And just like that, nobody’s having sex any more – but why?

By Arwa Mahdawi
‘Middle-aged people aren’t having much. Young people aren’t having much. Japanese people aren’t having much. Nor are Brits or Australians or Americans.’
‘Middle-aged people aren’t having much. Young people aren’t having much. Japanese people aren’t having much. Nor are Brits or Australians or Americans.’ Photograph: Tom Merton/Getty Images

(Not much) sex in the city

And just like that, nobody’s having sex any more. Middle-aged people aren’t having much. Young people aren’t having much. Japanese people aren’t having much. Nor are Brits or Australians or Americans. Over the past decade a number of studies have found a significant decline in sexual activity around the world, the latest example of this being a recent US-focused study showing declines from 2009 to 2018 in all forms of partnered sexual activity and a decline in adolescent masturbation. The researchers, by the way, looked at self-reported information from government surveys among people 14-49 years old; it’s possible that it’s a very different story when it comes to the over-50s.

So what’s going on with young and youngish people these days? Why is sexual activity declining? While the study didn’t go into possible underlying factors in much detail – nor did it look at the effects of the pandemic – two of its authors, Debby Herbenic and Tsung-chieh (Jane) Fu, recently shared their hypotheses with Scientific American. The (very technical) summation of the conversation is that a bunch of factors are probably at play. There’s increasing social media and video game use, of course. A decrease in alcohol use could be another factor. Perhaps most interesting and worrying, however, is the researchers’ hypothesis that the mainstreaming of extremely rough sex could be putting a generation of young people off sex altogether.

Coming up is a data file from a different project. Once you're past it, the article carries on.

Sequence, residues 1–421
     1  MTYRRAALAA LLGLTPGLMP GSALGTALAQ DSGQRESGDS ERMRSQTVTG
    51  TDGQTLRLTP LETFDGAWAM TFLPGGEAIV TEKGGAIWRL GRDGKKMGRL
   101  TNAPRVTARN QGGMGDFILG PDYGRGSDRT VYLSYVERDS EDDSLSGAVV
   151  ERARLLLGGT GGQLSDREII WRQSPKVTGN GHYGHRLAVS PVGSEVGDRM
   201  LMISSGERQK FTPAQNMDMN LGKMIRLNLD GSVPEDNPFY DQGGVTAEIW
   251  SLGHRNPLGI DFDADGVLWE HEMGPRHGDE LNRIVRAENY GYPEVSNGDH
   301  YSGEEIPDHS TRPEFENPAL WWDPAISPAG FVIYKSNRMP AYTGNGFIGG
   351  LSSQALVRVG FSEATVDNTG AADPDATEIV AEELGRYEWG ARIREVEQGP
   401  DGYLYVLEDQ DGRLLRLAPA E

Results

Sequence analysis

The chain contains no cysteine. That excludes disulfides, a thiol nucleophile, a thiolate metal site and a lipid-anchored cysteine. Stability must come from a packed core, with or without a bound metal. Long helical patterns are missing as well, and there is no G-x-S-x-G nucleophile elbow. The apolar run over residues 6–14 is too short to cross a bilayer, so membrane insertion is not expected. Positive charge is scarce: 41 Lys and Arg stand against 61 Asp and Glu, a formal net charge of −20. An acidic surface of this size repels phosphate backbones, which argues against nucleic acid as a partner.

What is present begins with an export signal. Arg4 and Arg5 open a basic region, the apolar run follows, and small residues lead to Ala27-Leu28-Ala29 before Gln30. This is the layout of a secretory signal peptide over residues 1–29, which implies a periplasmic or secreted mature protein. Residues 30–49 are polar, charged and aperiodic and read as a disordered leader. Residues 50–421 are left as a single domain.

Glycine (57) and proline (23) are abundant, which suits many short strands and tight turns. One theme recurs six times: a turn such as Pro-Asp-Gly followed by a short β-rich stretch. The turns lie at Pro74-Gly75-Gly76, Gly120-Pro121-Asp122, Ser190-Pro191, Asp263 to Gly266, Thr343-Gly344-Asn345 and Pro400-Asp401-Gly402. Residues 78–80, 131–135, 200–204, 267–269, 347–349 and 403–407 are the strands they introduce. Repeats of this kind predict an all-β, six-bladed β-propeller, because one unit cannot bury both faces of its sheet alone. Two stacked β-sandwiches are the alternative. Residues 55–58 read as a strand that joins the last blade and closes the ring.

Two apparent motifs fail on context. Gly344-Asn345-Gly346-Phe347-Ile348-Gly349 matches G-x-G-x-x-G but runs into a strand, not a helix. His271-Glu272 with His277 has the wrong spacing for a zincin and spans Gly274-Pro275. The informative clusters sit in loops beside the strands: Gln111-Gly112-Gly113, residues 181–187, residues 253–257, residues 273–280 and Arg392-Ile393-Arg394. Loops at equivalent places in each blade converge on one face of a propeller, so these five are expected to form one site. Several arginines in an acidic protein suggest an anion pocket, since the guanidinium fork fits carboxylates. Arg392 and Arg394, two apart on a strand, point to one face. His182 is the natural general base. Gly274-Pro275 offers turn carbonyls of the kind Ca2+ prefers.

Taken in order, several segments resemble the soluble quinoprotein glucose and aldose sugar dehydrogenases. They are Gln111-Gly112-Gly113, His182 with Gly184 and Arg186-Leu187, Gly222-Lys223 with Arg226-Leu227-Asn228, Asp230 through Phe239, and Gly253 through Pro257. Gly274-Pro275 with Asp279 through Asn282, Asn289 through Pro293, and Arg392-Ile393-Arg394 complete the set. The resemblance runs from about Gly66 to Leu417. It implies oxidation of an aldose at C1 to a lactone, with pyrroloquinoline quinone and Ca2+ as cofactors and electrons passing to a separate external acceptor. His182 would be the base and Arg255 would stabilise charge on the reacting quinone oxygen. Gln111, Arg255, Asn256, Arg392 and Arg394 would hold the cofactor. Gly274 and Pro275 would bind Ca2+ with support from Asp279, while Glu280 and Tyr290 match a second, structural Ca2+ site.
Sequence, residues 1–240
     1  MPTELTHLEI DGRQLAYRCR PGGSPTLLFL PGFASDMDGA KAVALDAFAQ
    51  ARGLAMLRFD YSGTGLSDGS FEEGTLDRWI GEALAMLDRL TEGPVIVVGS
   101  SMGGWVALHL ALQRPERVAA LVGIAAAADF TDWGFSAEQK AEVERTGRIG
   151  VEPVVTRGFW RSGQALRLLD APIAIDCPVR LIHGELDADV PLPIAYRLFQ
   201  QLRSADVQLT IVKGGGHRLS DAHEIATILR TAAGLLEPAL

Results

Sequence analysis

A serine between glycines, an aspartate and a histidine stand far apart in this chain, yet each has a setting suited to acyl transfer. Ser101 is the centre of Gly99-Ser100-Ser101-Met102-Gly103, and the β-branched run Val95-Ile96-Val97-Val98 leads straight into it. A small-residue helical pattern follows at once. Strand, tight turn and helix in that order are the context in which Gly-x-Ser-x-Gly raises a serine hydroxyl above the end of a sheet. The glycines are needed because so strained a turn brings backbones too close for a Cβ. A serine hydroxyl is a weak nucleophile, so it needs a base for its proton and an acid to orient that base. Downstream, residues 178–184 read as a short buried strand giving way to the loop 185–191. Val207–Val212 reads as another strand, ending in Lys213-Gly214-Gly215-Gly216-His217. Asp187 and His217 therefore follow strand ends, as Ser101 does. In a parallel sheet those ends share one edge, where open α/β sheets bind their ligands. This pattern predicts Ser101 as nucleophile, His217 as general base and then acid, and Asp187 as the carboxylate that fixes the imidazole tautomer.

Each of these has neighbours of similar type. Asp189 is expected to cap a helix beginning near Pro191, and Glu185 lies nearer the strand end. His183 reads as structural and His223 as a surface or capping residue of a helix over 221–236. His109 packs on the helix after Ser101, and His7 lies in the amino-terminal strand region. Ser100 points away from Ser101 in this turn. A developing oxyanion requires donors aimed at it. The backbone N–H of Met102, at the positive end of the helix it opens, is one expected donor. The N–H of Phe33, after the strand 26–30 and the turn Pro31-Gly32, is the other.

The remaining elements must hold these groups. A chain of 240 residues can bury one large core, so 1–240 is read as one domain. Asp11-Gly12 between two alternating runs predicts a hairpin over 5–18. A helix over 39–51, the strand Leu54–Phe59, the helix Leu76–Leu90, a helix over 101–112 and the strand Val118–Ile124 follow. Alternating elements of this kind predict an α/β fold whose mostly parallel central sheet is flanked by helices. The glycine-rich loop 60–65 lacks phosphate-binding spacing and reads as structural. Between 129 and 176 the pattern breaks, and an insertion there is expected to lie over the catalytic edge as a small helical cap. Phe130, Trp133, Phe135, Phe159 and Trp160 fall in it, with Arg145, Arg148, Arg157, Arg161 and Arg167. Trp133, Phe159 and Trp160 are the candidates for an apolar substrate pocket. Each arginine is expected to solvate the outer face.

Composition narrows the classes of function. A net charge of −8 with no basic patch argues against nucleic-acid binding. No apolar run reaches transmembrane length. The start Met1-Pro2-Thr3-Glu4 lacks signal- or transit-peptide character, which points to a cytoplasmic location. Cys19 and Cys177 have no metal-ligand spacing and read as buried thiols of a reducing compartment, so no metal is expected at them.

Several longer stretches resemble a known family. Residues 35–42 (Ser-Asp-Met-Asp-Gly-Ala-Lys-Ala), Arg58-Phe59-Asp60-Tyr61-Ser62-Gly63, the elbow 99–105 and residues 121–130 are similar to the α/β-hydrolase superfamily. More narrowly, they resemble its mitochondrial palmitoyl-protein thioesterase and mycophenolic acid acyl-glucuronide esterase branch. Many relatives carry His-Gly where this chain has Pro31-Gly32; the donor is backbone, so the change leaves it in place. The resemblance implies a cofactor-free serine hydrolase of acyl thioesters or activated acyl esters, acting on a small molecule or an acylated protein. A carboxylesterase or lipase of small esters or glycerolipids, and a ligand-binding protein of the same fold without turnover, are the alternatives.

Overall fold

In recent years there’s been a significant normalisation of choking and strangling during sex. Pornography has played a big role in this, but women’s magazines and popular culture (50 Shades of Grey, for example) have also helped to make rough sex “trendy”. Hebernick and Fu told Scientific American that choking or strangling during sex “seems to be a majority behaviour for college-age students”. While in many cases it’s consensual and enjoyed, the researchers note that aggressive sex can also be intimidating. “We don’t know to what extent that may be driving some people to opt out [of sex], but we do know that some people are feeling frightened,” Fu noted. “They could consent to sex, but something like choking might happen without them being asked before.” That’s hardly an unreasonable fear: in 2019 the campaign group We Can’t Consent to This noted that, in the past decade, 30 women and girls have been killed in what was claimed to have been consensual violent sexual activity in the UK. “Rough sex gone wrong” has become a worryingly common cover for femicide.